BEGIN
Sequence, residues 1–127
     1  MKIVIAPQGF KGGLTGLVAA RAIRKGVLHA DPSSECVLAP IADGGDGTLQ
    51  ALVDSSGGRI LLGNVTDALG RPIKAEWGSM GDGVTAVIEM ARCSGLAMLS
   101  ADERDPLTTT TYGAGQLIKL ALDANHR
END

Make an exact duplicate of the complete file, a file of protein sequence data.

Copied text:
Sequence, residues 1–127
     1  MKIVIAPQGF KGGLTGLVAA RAIRKGVLHA DPSSECVLAP IADGGDGTLQ
    51  ALVDSSGGRI LLGNVTDALG RPIKAEWGSM GDGVTAVIEM ARCSGLAMLS
   101  ADERDPLTTT TYGAGQLIKL ALDANHR